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View Poll Results: do you offer your employees benefits.
no 10 47.62%
health insurance only 1 4.76%
health, and 401k 1 4.76%
health, 401k, vacation, etc. 9 42.86%
Voters: 21. You may not vote on this poll

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  #1  
Old 05-06-2002, 08:51 PM
ohiolawnguy ohiolawnguy is offline
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Join Date: Dec 2001
Location: Akron, Ohio
Posts: 391
do you offer your employees benefits?

so, here i am my 13th season with the same company. just wondering what percentage of you guys give your employees benefits.

supposedly i was to get health insurance sometime in the 2000 season, was told this during my review(review day is may 1st). well, he also gave me a raise in 2000 from $10 an hour, to $12 an hour, but no overtime anymore just a straight $12 an hour.

well now it is 2002, and still no health insurance.also, no review in 2001, or 2002. actually, the only benefit i get is the use of the gas card. which i pay back by payroll deduction a couple times a year.

between not getting health insurance, and no overtime, im starting to feel like im being used. my guys make the same as me once they hit 40 hours.(BTW, i the spring we average around 60-70 hours a week)

am i asking too much? i really wouldn't mind the overtime thing if i still received the $15 an hour ot i did before i got this raise. but the whole health insurance issue is driving me crazy.
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  #2  
Old 05-06-2002, 09:18 PM
Kent Lawns Kent Lawns is offline
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Join Date: Jan 2000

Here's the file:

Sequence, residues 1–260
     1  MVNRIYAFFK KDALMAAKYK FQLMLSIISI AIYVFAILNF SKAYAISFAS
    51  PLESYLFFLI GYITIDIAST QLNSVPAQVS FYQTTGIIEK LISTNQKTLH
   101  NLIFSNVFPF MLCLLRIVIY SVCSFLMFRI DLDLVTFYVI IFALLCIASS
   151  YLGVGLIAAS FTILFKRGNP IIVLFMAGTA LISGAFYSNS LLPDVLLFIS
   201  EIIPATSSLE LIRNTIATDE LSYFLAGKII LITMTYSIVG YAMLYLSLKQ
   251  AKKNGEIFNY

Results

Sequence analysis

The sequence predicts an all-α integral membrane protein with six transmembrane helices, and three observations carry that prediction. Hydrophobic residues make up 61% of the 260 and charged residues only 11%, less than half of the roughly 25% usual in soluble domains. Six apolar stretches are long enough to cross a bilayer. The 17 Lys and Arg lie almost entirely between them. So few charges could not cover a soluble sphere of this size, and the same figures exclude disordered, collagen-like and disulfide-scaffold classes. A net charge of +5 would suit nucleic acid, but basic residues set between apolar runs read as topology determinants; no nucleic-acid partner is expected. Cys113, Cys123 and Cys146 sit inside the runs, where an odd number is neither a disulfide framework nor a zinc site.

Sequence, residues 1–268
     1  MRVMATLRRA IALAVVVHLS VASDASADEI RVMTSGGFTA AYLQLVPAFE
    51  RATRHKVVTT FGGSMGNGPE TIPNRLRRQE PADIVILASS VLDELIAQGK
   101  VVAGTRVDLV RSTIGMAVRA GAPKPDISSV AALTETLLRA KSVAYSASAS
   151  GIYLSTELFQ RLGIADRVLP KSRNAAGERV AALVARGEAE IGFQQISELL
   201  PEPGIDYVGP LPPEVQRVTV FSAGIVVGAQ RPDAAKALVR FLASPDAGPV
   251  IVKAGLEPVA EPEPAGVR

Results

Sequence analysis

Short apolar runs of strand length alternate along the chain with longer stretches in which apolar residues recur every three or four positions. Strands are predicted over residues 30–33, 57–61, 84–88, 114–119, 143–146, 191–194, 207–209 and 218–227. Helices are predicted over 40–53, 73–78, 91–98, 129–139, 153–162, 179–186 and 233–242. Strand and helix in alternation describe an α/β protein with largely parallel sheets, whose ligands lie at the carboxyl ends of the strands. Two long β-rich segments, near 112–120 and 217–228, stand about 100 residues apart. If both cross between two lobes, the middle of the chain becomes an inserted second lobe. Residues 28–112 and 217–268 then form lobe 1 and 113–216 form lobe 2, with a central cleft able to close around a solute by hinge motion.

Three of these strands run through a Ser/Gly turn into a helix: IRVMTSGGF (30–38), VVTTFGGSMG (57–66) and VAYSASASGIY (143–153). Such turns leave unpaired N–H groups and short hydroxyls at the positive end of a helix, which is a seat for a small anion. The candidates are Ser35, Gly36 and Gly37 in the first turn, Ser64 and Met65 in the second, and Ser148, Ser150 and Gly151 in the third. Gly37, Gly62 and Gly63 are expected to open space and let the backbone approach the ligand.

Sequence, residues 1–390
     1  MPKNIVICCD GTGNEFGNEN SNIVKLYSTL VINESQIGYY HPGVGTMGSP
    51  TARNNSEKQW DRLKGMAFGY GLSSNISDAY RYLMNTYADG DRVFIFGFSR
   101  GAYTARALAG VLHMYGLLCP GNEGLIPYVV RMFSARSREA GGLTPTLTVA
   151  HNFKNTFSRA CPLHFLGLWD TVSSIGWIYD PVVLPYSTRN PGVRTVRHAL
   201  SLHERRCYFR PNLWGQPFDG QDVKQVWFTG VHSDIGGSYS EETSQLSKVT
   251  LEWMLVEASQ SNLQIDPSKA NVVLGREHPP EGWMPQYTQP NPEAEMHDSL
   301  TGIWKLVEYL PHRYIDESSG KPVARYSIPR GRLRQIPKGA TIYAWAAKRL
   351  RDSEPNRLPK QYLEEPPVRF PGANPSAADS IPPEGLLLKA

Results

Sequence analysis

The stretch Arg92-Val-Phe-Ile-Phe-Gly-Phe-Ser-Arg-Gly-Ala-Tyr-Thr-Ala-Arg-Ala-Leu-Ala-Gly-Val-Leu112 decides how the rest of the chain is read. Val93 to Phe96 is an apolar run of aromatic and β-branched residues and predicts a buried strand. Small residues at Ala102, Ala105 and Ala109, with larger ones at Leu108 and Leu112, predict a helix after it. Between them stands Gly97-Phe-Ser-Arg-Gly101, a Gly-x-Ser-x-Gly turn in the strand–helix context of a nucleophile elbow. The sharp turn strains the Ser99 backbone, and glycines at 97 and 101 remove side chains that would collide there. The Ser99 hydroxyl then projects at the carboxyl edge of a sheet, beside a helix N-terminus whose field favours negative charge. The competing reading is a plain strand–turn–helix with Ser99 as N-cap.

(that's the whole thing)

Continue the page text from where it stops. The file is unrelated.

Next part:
Location: Midwest
Posts: 870
It's called being taken for granted.

Unfortunately the labor market isn't in your favor right now.

Paying an hourly worker straight time after 40 hours worked in a 168 hour period is not legal.
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  #3  
Old 05-06-2002, 09:38 PM
Toroguy Toroguy is offline
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Join Date: Mar 2000
Location: Sacramento CA
Posts: 1,075
ohiolawnguy,

Here in MN you can receive discounted health insurance through the State. You need to make less than a certain amount. You may want to inquire around your States website to see if there is a similar program.

Good luck and be safe.
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  #4  
Old 05-06-2002, 09:40 PM
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longslawn longslawn is offline
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Join Date: Apr 2001
Location: Zone 7 North Carolina
Posts: 201
Our full time employees are offered health insurance,vacation,rain pay, and holiday pay. Seasonal employees are not included in any of these plans.
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  #5  
Old 05-06-2002, 09:40 PM
John from OH John from OH is offline
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Join Date: Mar 2000
Location: Northern Ohio
Posts: 144
In Ohio, companies with sales of less than $250,000 per year are exempt from overtime. I would guess that the limit would vary from state to state so its best to find out.
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  #6  
Old 05-06-2002, 10:04 PM
Kent Lawns Kent Lawns is offline
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Join Date: Jan 2000
Location: Midwest
Posts: 870
???
I thought OT was a federal law, not a state law.
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  #7  
Old 05-06-2002, 10:46 PM
LawnLad LawnLad is offline
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Join Date: Jan 2002
Location: Cleveland, Ohio
Posts: 738